PETALING JAYA: Malaysians have been warned against investing in virtual or Internet money as their savings could be wiped out if the exchange is hacked or runs into financial troubles.
Over the last month, two major Bitcoin exchanges in Japan and Canada have gone offline, filed for bankruptcy or closed down after claiming more than US$500mil (RM1.6bil) in losses due to hacking.
In light of the controversy, Bank Negara has advised the public to be cautious of the risks involved in using digital currency, stressing that Bitcoin is not recognised as legal tender in Malaysia.
“The Central Bank does not regulate the operations of Bitcoin. The value is subject to fluctuations, (hence) the value of the investments may not be preserved,” an official told Sunday Star.
China, Thailand, Vietnam, Indonesia, Germany, France and Russia, have also issued similar warnings or banned the use of virtual currency. In Singapore, there are plans to regulate virtual currency exchanges and vending machines to address concerns that they could be used for money laundering or to fund terrorism activities.
A check by Sunday Star shows that in Malaysia, there are at least 12 local Bitcoin-related groups on Facebook, including Malaybtc Bitcoin, Bitcoin Malaysia #1 Group, Bitcoin Malaysia Open Group, Bitcoin Malaysia (Trader), Cryptocurrency Malaysia (Bitcoin, Litecoin, Dogecoin, etc) and Malaysia Bitcom Info.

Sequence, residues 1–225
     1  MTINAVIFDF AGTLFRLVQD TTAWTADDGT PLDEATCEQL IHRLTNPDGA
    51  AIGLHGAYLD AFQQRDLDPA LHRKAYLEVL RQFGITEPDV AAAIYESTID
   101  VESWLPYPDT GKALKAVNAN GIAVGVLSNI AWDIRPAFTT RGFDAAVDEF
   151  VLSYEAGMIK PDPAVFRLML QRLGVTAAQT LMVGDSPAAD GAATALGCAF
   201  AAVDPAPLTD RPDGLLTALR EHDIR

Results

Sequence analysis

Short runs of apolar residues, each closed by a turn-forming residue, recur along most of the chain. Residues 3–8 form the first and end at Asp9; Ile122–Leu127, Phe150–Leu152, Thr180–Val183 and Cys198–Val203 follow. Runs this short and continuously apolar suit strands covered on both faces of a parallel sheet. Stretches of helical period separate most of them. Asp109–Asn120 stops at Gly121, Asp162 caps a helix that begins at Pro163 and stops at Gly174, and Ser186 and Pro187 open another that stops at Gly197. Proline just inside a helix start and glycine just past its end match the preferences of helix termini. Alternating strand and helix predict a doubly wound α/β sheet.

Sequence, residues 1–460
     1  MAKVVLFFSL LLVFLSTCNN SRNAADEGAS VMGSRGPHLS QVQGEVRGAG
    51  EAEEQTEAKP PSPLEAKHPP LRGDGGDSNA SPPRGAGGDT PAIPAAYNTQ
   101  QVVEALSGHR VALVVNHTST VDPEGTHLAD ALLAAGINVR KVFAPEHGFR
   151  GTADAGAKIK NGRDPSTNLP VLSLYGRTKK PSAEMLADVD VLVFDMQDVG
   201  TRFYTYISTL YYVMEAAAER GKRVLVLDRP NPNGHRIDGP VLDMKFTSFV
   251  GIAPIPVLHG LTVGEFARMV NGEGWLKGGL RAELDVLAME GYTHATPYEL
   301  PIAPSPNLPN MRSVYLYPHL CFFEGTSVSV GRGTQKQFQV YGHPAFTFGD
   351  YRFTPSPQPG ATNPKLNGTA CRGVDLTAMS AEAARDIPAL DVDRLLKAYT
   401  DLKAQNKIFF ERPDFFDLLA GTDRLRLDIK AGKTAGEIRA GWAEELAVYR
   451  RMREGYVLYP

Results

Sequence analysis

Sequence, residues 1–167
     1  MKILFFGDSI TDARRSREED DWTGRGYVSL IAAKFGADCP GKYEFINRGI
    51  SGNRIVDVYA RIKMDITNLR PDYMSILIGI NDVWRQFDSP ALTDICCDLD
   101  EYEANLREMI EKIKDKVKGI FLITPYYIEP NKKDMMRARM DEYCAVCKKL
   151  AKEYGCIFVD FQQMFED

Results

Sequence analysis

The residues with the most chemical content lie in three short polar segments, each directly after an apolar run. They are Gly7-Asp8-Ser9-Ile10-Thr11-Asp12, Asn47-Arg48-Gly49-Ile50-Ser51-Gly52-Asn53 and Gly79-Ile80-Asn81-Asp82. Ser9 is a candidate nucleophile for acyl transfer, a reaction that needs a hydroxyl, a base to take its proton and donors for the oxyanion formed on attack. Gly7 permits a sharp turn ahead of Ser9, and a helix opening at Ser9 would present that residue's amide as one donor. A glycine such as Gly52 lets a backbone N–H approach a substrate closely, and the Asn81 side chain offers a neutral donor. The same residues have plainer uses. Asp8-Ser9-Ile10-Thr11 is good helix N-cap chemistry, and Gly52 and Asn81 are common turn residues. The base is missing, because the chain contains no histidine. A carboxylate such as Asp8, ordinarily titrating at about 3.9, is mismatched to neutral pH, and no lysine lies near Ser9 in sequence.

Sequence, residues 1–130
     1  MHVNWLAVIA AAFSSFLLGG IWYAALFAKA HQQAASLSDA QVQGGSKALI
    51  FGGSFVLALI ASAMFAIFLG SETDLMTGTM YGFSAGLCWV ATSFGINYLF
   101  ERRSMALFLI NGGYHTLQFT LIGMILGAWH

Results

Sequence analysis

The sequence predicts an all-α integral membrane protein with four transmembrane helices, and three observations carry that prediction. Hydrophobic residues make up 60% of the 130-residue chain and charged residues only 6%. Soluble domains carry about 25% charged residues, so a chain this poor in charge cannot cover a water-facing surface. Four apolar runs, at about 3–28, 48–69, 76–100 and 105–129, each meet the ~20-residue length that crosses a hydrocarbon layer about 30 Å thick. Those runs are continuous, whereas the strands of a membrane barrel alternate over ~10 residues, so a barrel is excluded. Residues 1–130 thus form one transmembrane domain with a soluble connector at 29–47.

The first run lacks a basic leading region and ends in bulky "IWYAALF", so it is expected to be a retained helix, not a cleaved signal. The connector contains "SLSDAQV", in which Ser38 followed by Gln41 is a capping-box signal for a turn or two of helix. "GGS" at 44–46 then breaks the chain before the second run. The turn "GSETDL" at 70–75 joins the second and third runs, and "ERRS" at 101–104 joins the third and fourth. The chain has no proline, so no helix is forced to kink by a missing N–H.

Last week, Bitcoin rolled out its first auto vending machines (AVM) at the Bangsar Shopping Complex in Kuala Lumpur and Gurney Plaza in Penang. Singapore-based Numoni Pte Ltd, which developed and launched the AVMs here, estimated that there were some 2,000 Bitcoin users in Malaysia and was targeting to install 100 Bitcoins AVMs within three years.
Its CEO Norma Sit said that Bitcoins were still in demand despite different countries deliberating its acceptance.
“The AVM lets the public buy small amounts of Bitcoin, which in many countries, is seen as an international voucher that can be used to barter for goods online,” she said.
Bitcoin Malaysia founder Colbert Low said Bitcoin had many unreported successes but was unfairly put in a bad light because of the recent controversy outside of Malaysia.
On March 10, Mt Gox, the world’s biggest Bitcoin exchange filed for bankruptcy protection in the United States, two weeks after its Tokyo-based exchange reportedly took its entire operation offline and filed for bankruptcy in Japan after claiming to have lost around US$500mil (RM1.6bil) to hacking.
Admitting that there were failures in companies and individuals that provided Bitcoin services, Low stressed that the Mt Gox case was “not Bitcoin” but specific to the exchange.
He described Bitcoin as a “building block for the future” and an innovative decentralised payment system software.
“Currency pricing is just one feature.
“Using it as a speculative tool for investment is up to the individual. Due diligence is needed and you cannot blame Bitcoin for losses suffered,” he said, cautioning that like any new technology, there are risks involved and bugs to fix.